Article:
It’s simple really. If you know how to use chopsticks, you really just need a pair of chopsticks (be it wooden or metal) and a metal spoon to accompany it. Or you can get one of those fancy stainless steel sporks. Throw in a hankerchief and you’re set.
You could keep your set in a container or a small pouch.
Orrrrrrrrrrrrrrrr, you could invest some time to make a pretty one out of recycled fabric! This is the one I made out my mum’s dress scrap fabrics. I followed some pictures on Pinterest but couldn’t find any step by step tutorials on how to make one in the style I wanted.
This is a roll-up wrap with little pockets for your cutlery,
Here are the steps I took to make my wrap, watch our tutorial video here.
If you prefer a written instructions, here you go:
- Cut out 2 identically sized rectangular pieces of cloth (cut one for the patterned fabric, and another for the lining). Obviously, the height should accommodate your longest piece of cutlery. The width is up to you. Maybe you want to put in your stainless steel straws too? My wrap measurements are 13.5 inches x 9 inches.
- Repeat step 1 for the “pocket” section of the wrap. Honestly, yours needn’t be a strange shape like mine (the scrap cloth I was working with happened to be in that shape already) – another shorter rectangle will do. Or you could just cut out the entire shape in one go so you end up with two pieces of cloth instead of four like mine.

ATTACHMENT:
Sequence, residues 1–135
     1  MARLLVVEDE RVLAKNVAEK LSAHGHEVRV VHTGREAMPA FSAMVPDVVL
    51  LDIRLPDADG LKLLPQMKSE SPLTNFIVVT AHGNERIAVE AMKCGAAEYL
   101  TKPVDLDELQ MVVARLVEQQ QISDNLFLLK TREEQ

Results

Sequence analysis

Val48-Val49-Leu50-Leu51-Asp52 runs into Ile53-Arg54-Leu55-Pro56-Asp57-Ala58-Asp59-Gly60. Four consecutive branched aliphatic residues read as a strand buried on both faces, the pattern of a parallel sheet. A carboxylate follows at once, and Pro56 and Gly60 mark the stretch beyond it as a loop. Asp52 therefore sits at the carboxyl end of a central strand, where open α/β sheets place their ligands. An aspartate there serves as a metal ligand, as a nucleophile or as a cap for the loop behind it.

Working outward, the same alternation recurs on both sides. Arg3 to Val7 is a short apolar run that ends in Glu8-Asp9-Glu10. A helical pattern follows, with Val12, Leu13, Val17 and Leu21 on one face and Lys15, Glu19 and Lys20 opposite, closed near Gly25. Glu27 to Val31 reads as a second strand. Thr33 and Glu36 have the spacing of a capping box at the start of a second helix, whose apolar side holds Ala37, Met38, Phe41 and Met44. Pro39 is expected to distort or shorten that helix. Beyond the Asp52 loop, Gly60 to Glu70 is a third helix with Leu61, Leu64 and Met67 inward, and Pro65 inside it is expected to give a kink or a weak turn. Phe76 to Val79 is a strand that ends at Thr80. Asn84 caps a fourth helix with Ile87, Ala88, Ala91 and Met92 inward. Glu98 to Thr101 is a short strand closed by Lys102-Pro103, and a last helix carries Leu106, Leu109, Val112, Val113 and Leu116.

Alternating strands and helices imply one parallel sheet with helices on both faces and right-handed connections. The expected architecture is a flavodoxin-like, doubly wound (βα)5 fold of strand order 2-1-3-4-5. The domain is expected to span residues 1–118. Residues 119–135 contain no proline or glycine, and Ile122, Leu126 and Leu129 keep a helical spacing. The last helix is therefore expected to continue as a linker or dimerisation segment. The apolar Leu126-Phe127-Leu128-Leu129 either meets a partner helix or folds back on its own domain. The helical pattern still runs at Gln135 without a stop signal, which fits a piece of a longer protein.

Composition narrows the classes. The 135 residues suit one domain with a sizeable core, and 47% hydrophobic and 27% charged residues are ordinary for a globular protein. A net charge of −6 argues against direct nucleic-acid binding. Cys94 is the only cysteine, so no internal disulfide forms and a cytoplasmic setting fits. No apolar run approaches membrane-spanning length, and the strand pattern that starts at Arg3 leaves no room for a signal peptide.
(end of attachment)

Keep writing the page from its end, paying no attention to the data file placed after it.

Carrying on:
- Align the lining and patterned fabric to their matching counterparts facing front-to-front
- Stitch around the entire perimeter for both shapes from items #1 and 2 leaving a gap of about 2 inches at any corner of the bigger rectangle. IMPORTANT – Do not sew the edge between both shapes shut otherwise you won’t be able to do the next step 😉
- Turn everything inside out (use chopsticks to reach all the corners).
- Sew the gap shut. If you like, you can sew around the parameter once more to give more shape to your wrap. I didn’t to keep things simple.
- You can now sew the divisions for the pocket – the stitches for these divisions will show up on the top side of the wrap but it’s not obvious if you use a matching thread color.
- Use an iron to make a fold for the flap
- Fold down the flap, roll the wrap until it is closed the way you like it, then mark positions for the ribbons – feel free to use buttons or elastic instead!
- Sew on the ribbons – make sure they’re long enough to go around the wrap and be tied too.
And that’s it! I plan to keep this in my handbag or backpack from now on. Will hand wash it if it gets dirty.
Going zero waste is not that difficult. You just need to change some daily habits gradually and look for plastic-free alternatives. Save money and use your creativity to make or re-purpose something rather than buying something from a zero waste store. Those items are usually a little pricier than their plastic cousins anyways. Helps to always be prepared whenever you go out- reusable bag, coffee cup, cutlery kit, etc. There’s a high chance you will encounter plastic but it’s easily avoidable if you are prepared. Play your part in saving the environment.
Will you go zero waste? Leave a comment below.
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If you prefer a pencil-case sort of bag with a zip (and washable too!), check out this lovely tutorial here.